Preliminary Study of Some Aroma Compounds of Salted Shrimp Paste (Kapi): Using Chemometrics to Categorize Characteristics of Different Manufacturers

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Walai Kleechaya
Nongnuch Raksakulthai
Jiraporn Runglerdkriangkrai

Abstract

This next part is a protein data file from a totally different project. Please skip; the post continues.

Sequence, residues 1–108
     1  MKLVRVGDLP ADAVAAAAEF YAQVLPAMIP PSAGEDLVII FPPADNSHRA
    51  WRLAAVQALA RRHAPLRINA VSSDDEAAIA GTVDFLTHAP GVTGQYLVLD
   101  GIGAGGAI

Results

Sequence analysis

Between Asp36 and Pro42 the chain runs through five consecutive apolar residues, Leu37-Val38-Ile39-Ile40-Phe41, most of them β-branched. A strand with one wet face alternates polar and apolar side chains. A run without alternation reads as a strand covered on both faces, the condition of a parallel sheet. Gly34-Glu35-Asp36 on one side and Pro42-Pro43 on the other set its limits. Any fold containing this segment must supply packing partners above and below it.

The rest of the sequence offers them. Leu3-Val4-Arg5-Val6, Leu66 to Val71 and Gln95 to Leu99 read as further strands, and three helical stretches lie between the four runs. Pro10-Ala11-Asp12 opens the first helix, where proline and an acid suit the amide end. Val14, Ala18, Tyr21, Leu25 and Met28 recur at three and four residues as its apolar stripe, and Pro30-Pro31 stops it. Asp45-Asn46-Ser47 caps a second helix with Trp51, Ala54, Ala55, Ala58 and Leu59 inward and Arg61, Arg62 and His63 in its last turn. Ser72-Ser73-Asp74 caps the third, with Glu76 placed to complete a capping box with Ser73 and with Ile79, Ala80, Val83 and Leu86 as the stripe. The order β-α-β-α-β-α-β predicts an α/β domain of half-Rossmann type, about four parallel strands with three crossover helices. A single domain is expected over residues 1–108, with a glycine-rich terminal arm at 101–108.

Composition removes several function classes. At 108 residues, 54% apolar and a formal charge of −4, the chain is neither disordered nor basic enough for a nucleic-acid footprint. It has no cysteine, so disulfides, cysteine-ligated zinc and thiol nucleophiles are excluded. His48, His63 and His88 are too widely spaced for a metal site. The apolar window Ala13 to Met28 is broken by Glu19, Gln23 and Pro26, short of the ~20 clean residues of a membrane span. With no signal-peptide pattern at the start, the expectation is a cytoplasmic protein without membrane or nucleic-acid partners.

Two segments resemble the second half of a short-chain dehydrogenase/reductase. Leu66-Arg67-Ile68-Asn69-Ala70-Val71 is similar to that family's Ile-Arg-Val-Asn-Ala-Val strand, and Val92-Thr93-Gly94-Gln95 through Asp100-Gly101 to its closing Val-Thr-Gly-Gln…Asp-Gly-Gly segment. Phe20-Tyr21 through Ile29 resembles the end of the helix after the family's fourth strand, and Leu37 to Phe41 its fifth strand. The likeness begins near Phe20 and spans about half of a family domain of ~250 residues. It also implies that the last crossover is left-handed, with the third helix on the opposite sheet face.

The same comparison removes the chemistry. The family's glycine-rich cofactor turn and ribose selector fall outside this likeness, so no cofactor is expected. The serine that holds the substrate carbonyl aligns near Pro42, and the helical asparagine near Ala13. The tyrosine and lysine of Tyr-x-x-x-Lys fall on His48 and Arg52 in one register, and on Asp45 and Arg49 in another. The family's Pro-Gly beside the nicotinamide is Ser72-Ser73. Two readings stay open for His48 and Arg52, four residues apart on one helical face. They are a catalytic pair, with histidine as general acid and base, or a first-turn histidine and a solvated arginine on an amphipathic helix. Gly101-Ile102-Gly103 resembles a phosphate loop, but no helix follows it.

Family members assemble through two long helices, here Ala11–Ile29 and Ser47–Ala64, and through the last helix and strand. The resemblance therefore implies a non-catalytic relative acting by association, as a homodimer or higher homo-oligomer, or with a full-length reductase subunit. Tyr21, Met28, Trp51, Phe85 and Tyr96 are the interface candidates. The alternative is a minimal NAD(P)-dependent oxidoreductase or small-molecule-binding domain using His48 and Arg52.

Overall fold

Shrimp paste (kapi) is a fermented condiment made from planktonic shrimp widely used in Southeast Asian cooking. Its flavor is formed from a complex combination of aroma compounds (ACs). The present study examined kapi that was produced by six manufacturers that used different shrimp species and varying ratios of shrimp and salt. A preliminary study of AC was conducted using GC-MS during six months of fermentation. Correlations were found among production factors and significant ACs determined by chemometric methods. Thirty-six peaks were detected in kapi samples, with only 11 ACs playing an important role in odor. S-containing compounds (dimethyl disulfide and dimethyl trisulfide) and aldehydes (2-methyl-propanal, 3-methyl-butanal, and 2-methyl-butanal) were the key ACs in all types of kapi. Eleven ACs were discriminated effectively by principal component analysis (82.02 % cumulative variance), hierarchical cluster analysis, and linear discriminant analysis (99.66 % cumulative variance). Kapi samples produced from the same species (Acetes sp.) and salt quantity showed the best AC correlation. The formula with added sugar showed the highest content of N-containing compounds (N, N-dimethyl methylamine, 3-ethyl-2,5-dimethyl pyrazine) and S-containing compounds, whereas 2,3-butanedione was only found in kapi produced from Mesopodopsis sp., which was also sun-dried for a longer period. Thus, the developed aroma of kapi was significantly affected by the species of planktonic shrimp, the formulation, and the fermentation period. It should be noted that this study used SPME GC-MS technique with DB-1ms capillary column and thus may have captured only a small fraction of the ACs present in kapi.

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